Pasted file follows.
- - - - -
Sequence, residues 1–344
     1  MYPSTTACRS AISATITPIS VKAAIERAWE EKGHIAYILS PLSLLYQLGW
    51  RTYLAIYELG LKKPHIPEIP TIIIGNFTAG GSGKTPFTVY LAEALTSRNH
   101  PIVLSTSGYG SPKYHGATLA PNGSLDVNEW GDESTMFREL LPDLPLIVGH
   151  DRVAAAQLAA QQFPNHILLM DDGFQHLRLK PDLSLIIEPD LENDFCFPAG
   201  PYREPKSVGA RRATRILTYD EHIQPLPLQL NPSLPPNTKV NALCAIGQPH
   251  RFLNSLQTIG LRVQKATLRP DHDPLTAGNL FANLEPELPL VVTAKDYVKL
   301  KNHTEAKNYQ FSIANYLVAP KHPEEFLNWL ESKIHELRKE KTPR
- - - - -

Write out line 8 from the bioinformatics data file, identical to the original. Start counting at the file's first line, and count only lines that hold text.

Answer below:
   301  KNHTEAKNYQ FSIANYLVAP KHPEEFLNWL ESKIHELRKE KTPR